# Search results

Pit vipers, for example the rattlesnake. The pits are cavities with a heat sensitive lining. Works like a pinhole camera of sorts. The resolution isn't very good but they do seem to be able to direct a strike at warm blooded prey. I don't think any of the constrictors have pits.
2. ### Force exerted by moving air?

Obviously yes, but from the way your question is worded you are looking for a simple formula. There is none. The force air exerts on an object is extremely dependant on the way air flows around it. That means the shape of the object is very important. If you're really interested, find some good...
3. ### Field Constants

I don't know. I was explaining a minor point of _Newtonian_gravitation_ and found myself dodging black holes, parahelion precession and gravitational radiation. Geez. :biggrin: Sorry if I offended anyone. I hope in all this mess the op found a satisfactory answer to his original question(s).
4. ### DREAD weapon system, power requirements

Dimpling actually reduces drag. That's why they do it to golf balls. (Which is what I still say is what the picture is.) They induce a small amount of turbulance, which while on it own would increase drag, has the overall effect of altering the stream flow into a more efficient pattern. Tests...
5. ### DREAD weapon system, power requirements

Kind of gives a whole new perspective to the term "fail deadly" , doesn't it?
6. ### Field Constants

I think you misundersood me. The question was asked why gravitation uses a composite G variable while em uses 1/(4*pi*e0). I essentially answered that it was convenient for em to do so while in gravitation it isn't particularly helpfull as you just demonstrated. In em e0 is used for relating a...
7. ### Field Constants

Sorry, I should have been more clear. The point I was trying to get across was in Newtonian physics there is no particular incentive to write it in the form 1/(4*pi*g0), so the original poster won't find a g0 in any textbook he is likely to be studying. Gauss's law is inherent in the form of the...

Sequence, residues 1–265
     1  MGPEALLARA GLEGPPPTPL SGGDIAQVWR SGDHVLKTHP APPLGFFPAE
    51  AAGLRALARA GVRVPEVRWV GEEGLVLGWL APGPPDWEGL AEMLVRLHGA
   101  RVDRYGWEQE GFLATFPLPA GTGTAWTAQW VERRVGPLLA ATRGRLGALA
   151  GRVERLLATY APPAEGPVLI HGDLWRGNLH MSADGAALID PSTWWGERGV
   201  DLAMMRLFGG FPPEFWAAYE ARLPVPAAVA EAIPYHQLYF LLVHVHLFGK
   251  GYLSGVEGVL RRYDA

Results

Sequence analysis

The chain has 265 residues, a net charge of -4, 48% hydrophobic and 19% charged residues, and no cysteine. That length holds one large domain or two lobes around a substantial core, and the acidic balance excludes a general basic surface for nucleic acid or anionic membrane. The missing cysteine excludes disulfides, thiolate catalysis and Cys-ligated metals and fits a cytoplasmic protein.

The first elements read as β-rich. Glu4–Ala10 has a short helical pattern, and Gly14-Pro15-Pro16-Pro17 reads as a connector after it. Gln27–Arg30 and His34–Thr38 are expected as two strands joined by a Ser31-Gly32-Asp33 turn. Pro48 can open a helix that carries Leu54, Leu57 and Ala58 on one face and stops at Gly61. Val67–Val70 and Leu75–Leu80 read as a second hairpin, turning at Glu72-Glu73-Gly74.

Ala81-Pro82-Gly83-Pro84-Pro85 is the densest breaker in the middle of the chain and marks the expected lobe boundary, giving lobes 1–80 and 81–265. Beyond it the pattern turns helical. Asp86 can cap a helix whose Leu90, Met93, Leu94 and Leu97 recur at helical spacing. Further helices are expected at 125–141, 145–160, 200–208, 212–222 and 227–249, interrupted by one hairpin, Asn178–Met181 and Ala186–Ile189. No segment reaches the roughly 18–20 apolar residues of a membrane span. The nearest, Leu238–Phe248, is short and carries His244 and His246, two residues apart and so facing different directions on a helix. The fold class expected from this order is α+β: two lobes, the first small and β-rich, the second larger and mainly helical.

8. ### Field Constants

I almost mentioned general relativity, but I didn't want to confuse the issue. In em the form of Maxwell's equations makes e0 useful. There is no incentive for g0, in fact I've never seen it outside of some tinkering I did when I first asked the same question you did.
9. ### Field Constants

Gravity's 1/(4*pi) *g0 =G , it's embedded in the gravitational constant. Gravitation flux doesn't have anything similar to em induction (relating a changing E field to an B field and vice versa as in Maxwells equations) so it isn't particularly useful to write it out that way.
10. ### To verify the estimated mass of a neutron

There is a large disparity in mass between the Au nucleus on the one hand and the alpha particle and neutron on the other. A case of a marble wacking into a stationary bowling (sticking?) and knocking out a pea sized peice of the bowling ball. So couldn't it be approximated by the momentum of...
11. ### Field Constants

It's really just a scaling factor, needed because of the arbitary nature of systems of units. It relates the E field intensity units to the unit of force and the unit of charge. The numeric value depends on the system of units chosen. (MKS, ft-lb-slug, etc.) >>edit I should clarify what I...
12. ### Bubble Chamber

Glad to help. By the way, did you ever hear the story of how the bubble chamber was invented. Particle physists had run into a problem in that cloud chambers weren't accumlating enough collision events (a particle actually striking a nucleus) due to the high energies of the particles and the low...
13. ### Bubble Chamber

Depends on what you mean by ionizing powers. If they have equal energy then yes they will create roughly the same total number of ions as each slows to a stop. But a neutron takes longer to slow than a proton, no charge to strip electrons from atoms near its path. A neutron does have a magnetic...
14. ### Bubble Chamber

I see what you mean. Iirc, most (perhaps all) neutral particles don't leave an ionization trail strong enough to trigger a bubble trail. They don't interact with the liquid strongly enough.
15. ### DREAD weapon system, power requirements

I think I see what your getting at. A washing machine acheives a dynamic balence by allowing the "rotor" axis to move in a small circle, as veiwed from on top. (Sighting straight down along the axis) This has also been used to stabilize the wheels on cars and on internal combustion engines and...
16. ### Easy question, magnetic poles